Announcement

Collapse
No announcement yet.

Endoscopic Treatment Promising for GERD

Collapse
X
 
  • Filter
  • Time
  • Show
Clear All
new posts

  • Endoscopic Treatment Promising for GERD

    Endoscopic Treatment Promising for GERD

    By David Douglas

    NEW YORK (Reuters Health) Oct 20 - Endoscopic full-thickness plication using the Plicator (NDO Surgical Inc.) appears to be successful in treating gastroesophageal reflux disease (GERD), according to researchers.

    "I had been involved with all of the previous sham-controlled studies for the endoscopic treatment of GERD," lead investigator Dr. Richard Rothstein told Reuters Health, "and was disappointed in their clinical outcomes."

    "This NDO Plicator sham-controlled study," he added, "included adequate numbers of subjects, employed an intention-to-treat analysis and demonstrated significant symptom improvement, decreased use of medications post-procedure, and reduced acid exposure time in the distal esophagus in the initial short-term follow-up."

    Dr. Rothstein of Dartmouth Hitchcock Medical Center, Lebanon, New Hampshire and colleagues came to this conclusion after studying 159 patients with symptomatic GERD requiring proton pump inhibitor maintenance therapy.

    The patients were randomized to a sham procedure or to "endoscopic full-thickness restructuring of the gastric cardia with transmural suture," the researchers report in the September issue of Gastroenterology.

    At 3 months, 56% of the active treatment group showed at least a 50% improvement in GERD health-related quality-of-life scores compared with 18.5% of the sham treatment group. In addition, 50% of the active group completely ceased maintenance therapy versus 24% of the sham group.

    Dr. Rothstein added that he and his colleagues, "look forward to understanding the role of endoscopic treatments for GERD as we try to improve devices, optimize techniques and procedures, and follow patients long-term."

    The author of an accompanying editorial, Dr. Nicholas J. Shaheen of the University of North Carolina, Chapel Hill, told Reuters Health that the device shows promise and that the study was very well done.

    "However," he pointed out, "we need data comparing using the device to treatment with medicines, as well as to treatment with surgery, before we really know how and when to use it in taking care of patients with reflux."

    Gastroenterology 2006;131:704-712,952-954.

  • #2
    Originally posted by daw
    Endoscopic Treatment Promising for GERD

    At 3 months, 56% of the active treatment group showed at least a 50% improvement in GERD health-related quality-of-life scores compared with 18.5% of the sham treatment group. In addition, 50% of the active group completely ceased maintenance therapy versus 24% of the sham group.
    Daw Do you know if they just do these plicator studies on symptom scores ? Have you ever seen the full study ? All of the studies i've seen just talk about a reduction of symptoms, but never talk about a proven reduction of reflux via ph testing. Big difference , otherwise it wouldn't be very useful for Barretts for example.

    Comment


    • #3
      Hi Tricia
      In the other article I posted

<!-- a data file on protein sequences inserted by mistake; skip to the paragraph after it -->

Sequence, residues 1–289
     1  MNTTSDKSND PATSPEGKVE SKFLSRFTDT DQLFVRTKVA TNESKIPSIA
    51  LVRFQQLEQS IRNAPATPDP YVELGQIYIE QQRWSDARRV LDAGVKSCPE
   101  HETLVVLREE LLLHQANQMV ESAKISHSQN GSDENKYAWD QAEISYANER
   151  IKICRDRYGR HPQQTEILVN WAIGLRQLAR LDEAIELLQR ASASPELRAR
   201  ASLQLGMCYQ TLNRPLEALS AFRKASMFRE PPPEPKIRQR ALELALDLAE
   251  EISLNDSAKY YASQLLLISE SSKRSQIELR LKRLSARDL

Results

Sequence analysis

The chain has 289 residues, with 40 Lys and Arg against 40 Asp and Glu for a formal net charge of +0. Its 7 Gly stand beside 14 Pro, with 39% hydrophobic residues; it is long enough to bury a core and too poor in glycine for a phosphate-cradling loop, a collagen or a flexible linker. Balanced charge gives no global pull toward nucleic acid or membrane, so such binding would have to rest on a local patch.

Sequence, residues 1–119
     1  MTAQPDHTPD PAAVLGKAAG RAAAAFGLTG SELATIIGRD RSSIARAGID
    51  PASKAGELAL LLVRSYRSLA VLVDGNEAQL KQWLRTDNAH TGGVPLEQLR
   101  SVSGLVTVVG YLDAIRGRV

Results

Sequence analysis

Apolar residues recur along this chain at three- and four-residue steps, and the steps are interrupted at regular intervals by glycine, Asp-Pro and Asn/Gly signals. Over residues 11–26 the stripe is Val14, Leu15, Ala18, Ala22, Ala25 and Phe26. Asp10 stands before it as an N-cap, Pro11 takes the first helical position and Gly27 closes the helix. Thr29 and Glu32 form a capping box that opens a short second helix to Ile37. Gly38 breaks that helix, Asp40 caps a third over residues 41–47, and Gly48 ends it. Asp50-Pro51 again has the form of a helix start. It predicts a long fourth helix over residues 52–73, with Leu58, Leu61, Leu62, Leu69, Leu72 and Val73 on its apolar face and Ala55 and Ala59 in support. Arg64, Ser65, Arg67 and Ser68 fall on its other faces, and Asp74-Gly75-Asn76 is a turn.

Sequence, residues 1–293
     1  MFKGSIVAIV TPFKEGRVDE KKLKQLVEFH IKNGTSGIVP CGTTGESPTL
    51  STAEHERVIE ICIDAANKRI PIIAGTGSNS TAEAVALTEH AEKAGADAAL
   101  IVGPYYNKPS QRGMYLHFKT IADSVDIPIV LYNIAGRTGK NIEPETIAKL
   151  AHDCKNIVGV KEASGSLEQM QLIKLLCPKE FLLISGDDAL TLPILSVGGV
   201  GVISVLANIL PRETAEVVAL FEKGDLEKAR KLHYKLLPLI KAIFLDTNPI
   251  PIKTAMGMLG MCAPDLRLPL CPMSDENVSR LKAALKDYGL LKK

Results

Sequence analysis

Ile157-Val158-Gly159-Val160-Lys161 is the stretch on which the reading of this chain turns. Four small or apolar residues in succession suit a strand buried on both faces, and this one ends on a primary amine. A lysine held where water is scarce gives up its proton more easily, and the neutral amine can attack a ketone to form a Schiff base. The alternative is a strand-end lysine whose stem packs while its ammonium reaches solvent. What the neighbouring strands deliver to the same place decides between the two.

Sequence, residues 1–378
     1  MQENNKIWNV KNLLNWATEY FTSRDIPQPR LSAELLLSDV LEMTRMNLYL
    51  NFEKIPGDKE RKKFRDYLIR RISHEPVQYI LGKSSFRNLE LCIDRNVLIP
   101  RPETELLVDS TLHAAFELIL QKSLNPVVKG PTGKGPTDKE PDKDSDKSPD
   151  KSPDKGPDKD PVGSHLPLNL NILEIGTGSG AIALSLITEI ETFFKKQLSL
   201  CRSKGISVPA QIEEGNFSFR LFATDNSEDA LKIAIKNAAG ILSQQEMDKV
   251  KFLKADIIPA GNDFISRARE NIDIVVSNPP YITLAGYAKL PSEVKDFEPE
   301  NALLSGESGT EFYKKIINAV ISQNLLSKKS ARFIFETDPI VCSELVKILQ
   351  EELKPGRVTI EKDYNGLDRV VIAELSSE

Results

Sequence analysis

[url]http://forums.heartburn-help.com/showthread.php?t=6360[/url]
      It talks about this very study and mentions " Finally, esophageal pH-metry 3 months post procedure showed that patients who underwent endoscopic plication had significantly reduced esophageal acid exposure compared with baseline, as well as compared with patients in the sham-treated group (P < .001 and P = .01, respectively)".

      Comment


      • #4
        Daw

        Hi Daw Thanks Didn't notice that , lol now i'm trying to figure out why it would only reduce acid exposure in 50 percent. Thanks ... i must go ponder

        Comment


        • #5
          Tricia,
          Actually, if I read it right, it didn't give a percentage of acid improvment as measured by the post procedure ph tests. It did say that " 56% of patients randomized to plication had ≥ 50% improvement in GERD symptoms (assessed through the GERD-Health-Related Quality-of-Life [GERD-HRQL] instrument). So the question is why weren't more patients perceiving more relief and can we assume that those that did not percieve more relief did poorly on the post procedure ph tests?

          I think I'm starting to confuse myself.

          Comment


          • #6
            check this out

            Hey Daw Check this site out [url]http://myphysicians.com/[/url] ( featured in the Wall Street Journal ) You can ask any specialist .. cardiologist, gastroenterologist, etc a question for 20 bucks . There are also 30 minute phone consultations with the specialst of your choice for 65 dollars.

            Here is a free doctors site [url]http://www.doctorgeorge.com/drgsays.php[/url]

            I got them off of this pathology site ( some very good links in gastroenterology ) [url]http://www.pathguy.com/lectures/quackery.htm[/url]

            Comment


            • #7
              Originally posted by daw
              Tricia,
              Actually, if I read it right, it didn't give a percentage of acid improvment as measured by the post procedure ph tests. It did say that " 56% of patients randomized to plication had ≥ 50% improvement in GERD symptoms (assessed through the GERD-Health-Related Quality-of-Life [GERD-HRQL] instrument). So the question is why weren't more patients perceiving more relief and can we assume that those that did not percieve more relief did poorly on the post procedure ph tests?

              I think I'm starting to confuse myself.
              LOL you are confusing me too .....more pondering i guess

              Comment

              Working...
              X